About Eva : I’ve been in the SCA for about a year and some months now. I’ve only recently been able to be more active because I have a new job that allows me the time to meet up more consistently. I am a very big sewing lover and I have also been recently getting into fighting in the SCA. Who says you cant look good while fighting?! Regardless this doesnt tie too much into my persona, it’s me exploring to maybe find a person through fashion for the SCA so we shall see! I think time management with work and school will be my toughest part of this, but I’m hoping the drive of a competition will keep me on track!eva
Her Project: I went back and forth A LOT (which is why this entry is cutting it really close) between the late 1400s and the mid 1300s. They both have looks i desire greatly and in the end I went with late 1400s because of the fabric I have on hand that I’ve been dying to use. I aim to go for a late 1400s noble woman’s dress. I am basing it around a few paintings I have found and Identified with the very late 1400s and even running into the very early 1500s. I’ve been very excited to make a chemise for a long time because I know it’ll have so many uses and this lovely purple brocade I bought earlier this year with look wonderfully in the folds of the dress.
About Frieda : well, I and my husband joined a little over three years ago after I had open-heart surgery as a hobby to keep me busy, I have been sewing on and off for over 15 years, not a master. I do show interest in other skills and try to pick them up, but I love sewing. and I really hope to if only at least complete this challenge with a sense of accomplishment, I know that will be huge but I would love to take the challenge and place honestly by I feel that would be great.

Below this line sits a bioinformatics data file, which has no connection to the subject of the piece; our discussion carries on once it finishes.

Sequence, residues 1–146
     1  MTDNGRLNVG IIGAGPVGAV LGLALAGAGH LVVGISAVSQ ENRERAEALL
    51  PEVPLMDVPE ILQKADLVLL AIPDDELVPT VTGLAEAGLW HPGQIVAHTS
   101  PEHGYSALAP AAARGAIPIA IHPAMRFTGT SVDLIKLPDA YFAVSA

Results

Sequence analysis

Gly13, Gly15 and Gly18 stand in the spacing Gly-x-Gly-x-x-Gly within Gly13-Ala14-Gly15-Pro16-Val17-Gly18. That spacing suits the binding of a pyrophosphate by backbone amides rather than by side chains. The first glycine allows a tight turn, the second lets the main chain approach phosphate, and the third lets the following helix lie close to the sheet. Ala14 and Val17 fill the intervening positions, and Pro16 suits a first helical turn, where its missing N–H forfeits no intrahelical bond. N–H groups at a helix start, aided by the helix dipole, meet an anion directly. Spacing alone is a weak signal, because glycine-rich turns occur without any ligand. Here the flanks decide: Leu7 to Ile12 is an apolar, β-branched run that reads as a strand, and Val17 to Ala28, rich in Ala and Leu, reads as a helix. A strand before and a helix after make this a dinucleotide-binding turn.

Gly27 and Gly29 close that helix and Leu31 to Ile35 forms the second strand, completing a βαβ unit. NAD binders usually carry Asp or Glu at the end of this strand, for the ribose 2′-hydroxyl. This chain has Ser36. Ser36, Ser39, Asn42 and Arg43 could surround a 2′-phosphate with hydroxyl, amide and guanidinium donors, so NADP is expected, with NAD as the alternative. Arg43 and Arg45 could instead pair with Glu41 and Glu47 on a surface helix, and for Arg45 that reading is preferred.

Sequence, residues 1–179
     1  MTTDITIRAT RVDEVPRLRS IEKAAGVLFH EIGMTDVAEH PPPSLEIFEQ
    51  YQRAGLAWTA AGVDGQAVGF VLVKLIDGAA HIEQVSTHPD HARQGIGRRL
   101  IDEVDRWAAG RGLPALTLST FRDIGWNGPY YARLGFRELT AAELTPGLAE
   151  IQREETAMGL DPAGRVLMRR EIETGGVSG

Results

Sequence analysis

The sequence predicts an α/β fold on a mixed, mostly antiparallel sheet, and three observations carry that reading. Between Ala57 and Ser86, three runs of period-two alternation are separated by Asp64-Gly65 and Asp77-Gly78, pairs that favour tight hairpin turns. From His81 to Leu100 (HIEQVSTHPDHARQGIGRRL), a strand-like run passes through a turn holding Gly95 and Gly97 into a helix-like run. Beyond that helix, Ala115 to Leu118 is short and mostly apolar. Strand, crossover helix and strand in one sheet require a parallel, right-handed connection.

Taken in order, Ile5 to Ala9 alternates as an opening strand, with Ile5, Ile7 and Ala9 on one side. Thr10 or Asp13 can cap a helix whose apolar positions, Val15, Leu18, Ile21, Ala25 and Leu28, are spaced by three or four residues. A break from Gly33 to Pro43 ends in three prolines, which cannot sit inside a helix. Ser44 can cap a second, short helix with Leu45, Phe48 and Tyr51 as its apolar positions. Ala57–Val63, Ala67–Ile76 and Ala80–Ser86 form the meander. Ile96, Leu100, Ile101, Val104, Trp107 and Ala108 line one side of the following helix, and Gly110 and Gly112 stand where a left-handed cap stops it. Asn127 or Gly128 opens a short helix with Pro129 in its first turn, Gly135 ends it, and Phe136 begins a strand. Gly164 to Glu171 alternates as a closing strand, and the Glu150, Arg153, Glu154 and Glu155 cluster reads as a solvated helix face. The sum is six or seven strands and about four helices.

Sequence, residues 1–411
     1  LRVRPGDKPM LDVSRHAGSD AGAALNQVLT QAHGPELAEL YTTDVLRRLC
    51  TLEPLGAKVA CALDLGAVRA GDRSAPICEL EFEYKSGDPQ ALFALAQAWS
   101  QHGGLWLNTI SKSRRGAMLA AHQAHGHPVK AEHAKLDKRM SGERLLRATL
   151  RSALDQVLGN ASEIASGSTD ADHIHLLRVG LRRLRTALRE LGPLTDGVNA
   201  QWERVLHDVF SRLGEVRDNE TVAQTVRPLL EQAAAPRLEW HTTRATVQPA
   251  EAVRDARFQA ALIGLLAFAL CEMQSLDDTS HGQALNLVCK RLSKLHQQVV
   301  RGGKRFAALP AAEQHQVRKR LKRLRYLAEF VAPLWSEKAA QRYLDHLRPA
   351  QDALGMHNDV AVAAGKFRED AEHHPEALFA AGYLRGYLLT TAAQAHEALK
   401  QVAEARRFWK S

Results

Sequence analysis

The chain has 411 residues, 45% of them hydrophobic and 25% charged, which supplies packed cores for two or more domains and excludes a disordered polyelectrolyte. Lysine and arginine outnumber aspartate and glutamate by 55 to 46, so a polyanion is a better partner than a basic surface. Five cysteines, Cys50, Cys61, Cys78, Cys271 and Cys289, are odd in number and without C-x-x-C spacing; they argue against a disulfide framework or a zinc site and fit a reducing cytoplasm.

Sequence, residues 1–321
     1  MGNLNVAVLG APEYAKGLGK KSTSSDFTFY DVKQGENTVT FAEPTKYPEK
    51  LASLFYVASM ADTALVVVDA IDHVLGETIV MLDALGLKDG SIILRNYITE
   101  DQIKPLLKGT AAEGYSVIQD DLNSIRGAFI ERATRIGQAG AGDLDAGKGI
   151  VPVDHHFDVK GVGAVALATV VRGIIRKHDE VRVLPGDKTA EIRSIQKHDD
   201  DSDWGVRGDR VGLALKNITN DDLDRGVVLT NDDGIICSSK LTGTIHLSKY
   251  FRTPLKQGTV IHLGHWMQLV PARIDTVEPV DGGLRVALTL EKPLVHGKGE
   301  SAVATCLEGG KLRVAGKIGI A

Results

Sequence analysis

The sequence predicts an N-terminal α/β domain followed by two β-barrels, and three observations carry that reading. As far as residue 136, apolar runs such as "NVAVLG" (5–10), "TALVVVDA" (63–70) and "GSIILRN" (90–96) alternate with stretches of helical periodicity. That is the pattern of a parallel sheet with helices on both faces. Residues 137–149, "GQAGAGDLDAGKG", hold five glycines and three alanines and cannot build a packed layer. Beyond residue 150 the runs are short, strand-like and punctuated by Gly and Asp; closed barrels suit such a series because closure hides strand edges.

Her Project: I am going for mid 14-1500, I believe it is as close as I can get that as possible based on the patterns I was able to purchase. it is a piece I have been wanting to make for a while. I do usually sew by hand so that makes this a very big challenge for me. I plan on making the chemise, underdress, overdress and something completely new to me, I will be making a leather chatelaine belt.
This is the first layer an chemise , with additional chest cover , and bonnet . Was going for 14-15 century. I still have another three full layers. Everything is all hand sewn
My second layer , first one over my chemise , is made with a tan and dark brown layer , i made fabric buttons for the first time . everything is hand sewn like the last layer . i intend on using december to do my final outer layer which is a thinker material great for the winter . like i said before my era is 14-15 century , and i would say my entry is middle class ish
The last sewing layer is to be a jacket or overdress layer , I intended to use this layer in matching with previous one layers
About : Hi there, so I am very new to the SCA, roughly a year or so- but with the pandemic I’ve only made it to 3-4 events. I am fairly new to historical sewing but have been making costumes and cosplay for myself as well as a variety groups and Mardi Gras krewes in New Orleans for several years. I also help run the Sewing Squad facebook page, which is a small group of people in my region that want to learn more about sewing skills and history focused garb.
Project: I’m going to be doing a (roughly) 1480-1500c Italian Renaissance set of garments. This will be inspired by a set of paintings from that period, though the fabrics will be different, since I’m picking this period/style to utilize a yellow silk taffeta and a red silk brocade that I already have. I also wanted an opportunity to work on my embroidery and with the heavy ornamentation on the sleeves of this period, hopefully I can get some nice detail work done ( though I’m pinning that as a “stretch” goal, time allowing).